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Economic Assessment Of Coal And Biomass To Liquid Fuels In Central Appalachia, USA

Published by the American Society of Agricultural and Biological Engineers, St. Joseph, Michigan

Citation:  2010 Pittsburgh, Pennsylvania, June 20 - June 23, 2010  1008699.(doi:10.13031/2013.29707)
Authors:   Jinzhuo Wu, Jingxin Wang, Qingzheng Cheng, Joseph McNeel
Keywords:   coal, biomass, liquid fuels, required selling price, mathematical programming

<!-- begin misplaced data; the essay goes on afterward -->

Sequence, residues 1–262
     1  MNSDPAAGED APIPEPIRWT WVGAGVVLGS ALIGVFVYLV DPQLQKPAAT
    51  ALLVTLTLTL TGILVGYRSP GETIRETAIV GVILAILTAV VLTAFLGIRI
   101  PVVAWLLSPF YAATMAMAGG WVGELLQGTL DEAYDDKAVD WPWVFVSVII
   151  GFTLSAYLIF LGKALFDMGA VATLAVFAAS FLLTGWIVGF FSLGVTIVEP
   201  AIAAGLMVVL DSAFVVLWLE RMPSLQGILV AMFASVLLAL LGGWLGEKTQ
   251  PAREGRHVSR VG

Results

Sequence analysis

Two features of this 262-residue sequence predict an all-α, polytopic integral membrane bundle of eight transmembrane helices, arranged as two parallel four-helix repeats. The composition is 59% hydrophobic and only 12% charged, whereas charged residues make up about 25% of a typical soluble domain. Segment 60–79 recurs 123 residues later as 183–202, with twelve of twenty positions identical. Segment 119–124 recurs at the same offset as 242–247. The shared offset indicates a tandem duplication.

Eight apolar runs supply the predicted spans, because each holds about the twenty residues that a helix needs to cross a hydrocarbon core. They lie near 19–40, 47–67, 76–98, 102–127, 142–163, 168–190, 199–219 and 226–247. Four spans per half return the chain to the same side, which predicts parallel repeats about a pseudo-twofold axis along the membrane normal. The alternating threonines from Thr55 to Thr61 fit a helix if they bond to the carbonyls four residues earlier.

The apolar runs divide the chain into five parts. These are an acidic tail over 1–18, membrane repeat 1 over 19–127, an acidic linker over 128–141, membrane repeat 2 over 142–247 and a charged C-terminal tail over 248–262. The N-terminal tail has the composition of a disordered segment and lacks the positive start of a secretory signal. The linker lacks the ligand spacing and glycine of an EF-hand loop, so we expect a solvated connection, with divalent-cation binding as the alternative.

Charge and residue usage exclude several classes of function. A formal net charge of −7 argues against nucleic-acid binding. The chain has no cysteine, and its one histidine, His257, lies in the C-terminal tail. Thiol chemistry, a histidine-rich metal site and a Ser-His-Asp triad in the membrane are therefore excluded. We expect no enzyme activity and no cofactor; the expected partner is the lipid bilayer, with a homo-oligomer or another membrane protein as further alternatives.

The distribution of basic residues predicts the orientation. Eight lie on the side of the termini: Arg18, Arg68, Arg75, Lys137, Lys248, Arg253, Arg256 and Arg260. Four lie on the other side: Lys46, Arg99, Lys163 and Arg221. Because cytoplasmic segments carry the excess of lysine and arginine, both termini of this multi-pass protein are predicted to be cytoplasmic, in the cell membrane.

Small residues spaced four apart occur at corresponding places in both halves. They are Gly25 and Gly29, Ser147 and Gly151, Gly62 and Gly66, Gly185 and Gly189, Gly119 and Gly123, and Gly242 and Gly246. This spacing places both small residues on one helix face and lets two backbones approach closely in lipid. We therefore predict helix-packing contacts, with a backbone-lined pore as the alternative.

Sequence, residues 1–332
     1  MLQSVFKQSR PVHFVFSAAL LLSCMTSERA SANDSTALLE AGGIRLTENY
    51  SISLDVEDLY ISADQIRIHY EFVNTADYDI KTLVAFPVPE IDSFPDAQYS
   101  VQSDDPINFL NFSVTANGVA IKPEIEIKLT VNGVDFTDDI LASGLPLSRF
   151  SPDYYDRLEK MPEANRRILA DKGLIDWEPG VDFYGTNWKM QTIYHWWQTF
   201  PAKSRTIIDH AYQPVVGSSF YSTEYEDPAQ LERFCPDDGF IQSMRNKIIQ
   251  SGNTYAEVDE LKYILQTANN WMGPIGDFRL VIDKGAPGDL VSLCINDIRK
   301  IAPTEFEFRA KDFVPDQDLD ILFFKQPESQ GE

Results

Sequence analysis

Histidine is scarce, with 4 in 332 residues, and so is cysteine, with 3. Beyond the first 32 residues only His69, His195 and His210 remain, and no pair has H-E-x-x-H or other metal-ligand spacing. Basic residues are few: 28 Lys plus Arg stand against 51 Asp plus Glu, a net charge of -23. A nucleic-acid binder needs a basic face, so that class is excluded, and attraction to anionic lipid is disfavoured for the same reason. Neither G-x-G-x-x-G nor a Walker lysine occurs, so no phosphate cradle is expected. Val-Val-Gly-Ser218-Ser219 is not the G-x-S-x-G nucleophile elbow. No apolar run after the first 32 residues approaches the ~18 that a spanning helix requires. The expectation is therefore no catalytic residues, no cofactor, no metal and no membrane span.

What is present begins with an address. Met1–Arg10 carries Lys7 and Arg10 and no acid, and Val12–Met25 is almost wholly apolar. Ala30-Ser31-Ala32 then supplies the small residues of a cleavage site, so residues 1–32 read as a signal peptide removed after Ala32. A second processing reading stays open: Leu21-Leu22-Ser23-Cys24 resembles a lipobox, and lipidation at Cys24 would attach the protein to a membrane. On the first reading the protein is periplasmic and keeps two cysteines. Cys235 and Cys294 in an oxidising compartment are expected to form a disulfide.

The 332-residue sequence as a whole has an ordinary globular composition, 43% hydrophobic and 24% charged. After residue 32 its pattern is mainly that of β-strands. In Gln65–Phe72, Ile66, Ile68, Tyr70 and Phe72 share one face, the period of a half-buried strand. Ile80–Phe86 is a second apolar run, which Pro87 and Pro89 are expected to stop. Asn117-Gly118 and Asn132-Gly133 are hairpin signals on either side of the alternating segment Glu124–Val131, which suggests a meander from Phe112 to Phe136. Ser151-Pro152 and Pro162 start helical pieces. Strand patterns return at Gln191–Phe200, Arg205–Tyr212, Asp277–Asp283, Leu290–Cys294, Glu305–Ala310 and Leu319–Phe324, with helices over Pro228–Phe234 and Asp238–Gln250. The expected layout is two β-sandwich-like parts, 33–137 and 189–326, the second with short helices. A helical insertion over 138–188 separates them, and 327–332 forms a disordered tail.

Liquid fuels from coal and biomass have the potential to reduce petroleum fuel use and CO2 emission in the U.S. transportation sector. A multi-equation model was developed to assess the economics of a coal/biomass-to-liquids (CBTL) fuel plant in the central Appalachian region. Specifically, the objective was to minimize the total annual cost subject to a series of regional supply, demand, and other constraints. The model was developed and solved using General Algebraic Modeling System/Cplex solver. Model inputs include coal and biomass availability, biomass handling system type, plant investment, production capacity, transportation logistics, and project financing; while outputs include the optimal logistical decision-making together with feedstock requirement, collection, delivery, and liquid fuel production. The results indicated that the required selling price (RSP) of Fischer-Tropsch (FT) diesel for a 40,000 barrel-per-day CBTL plant with coal/biomass ratio of 85/15 varied between $79.00 bbl-1 and $79.35 bbl-1 using different biomass handling systems. The RSP of FT diesel heavily depended upon plant capacity, capital cost, coal price, and liquid fuel yield. Our findings can help decision-makers evaluate future CBTL development in central Appalachia.

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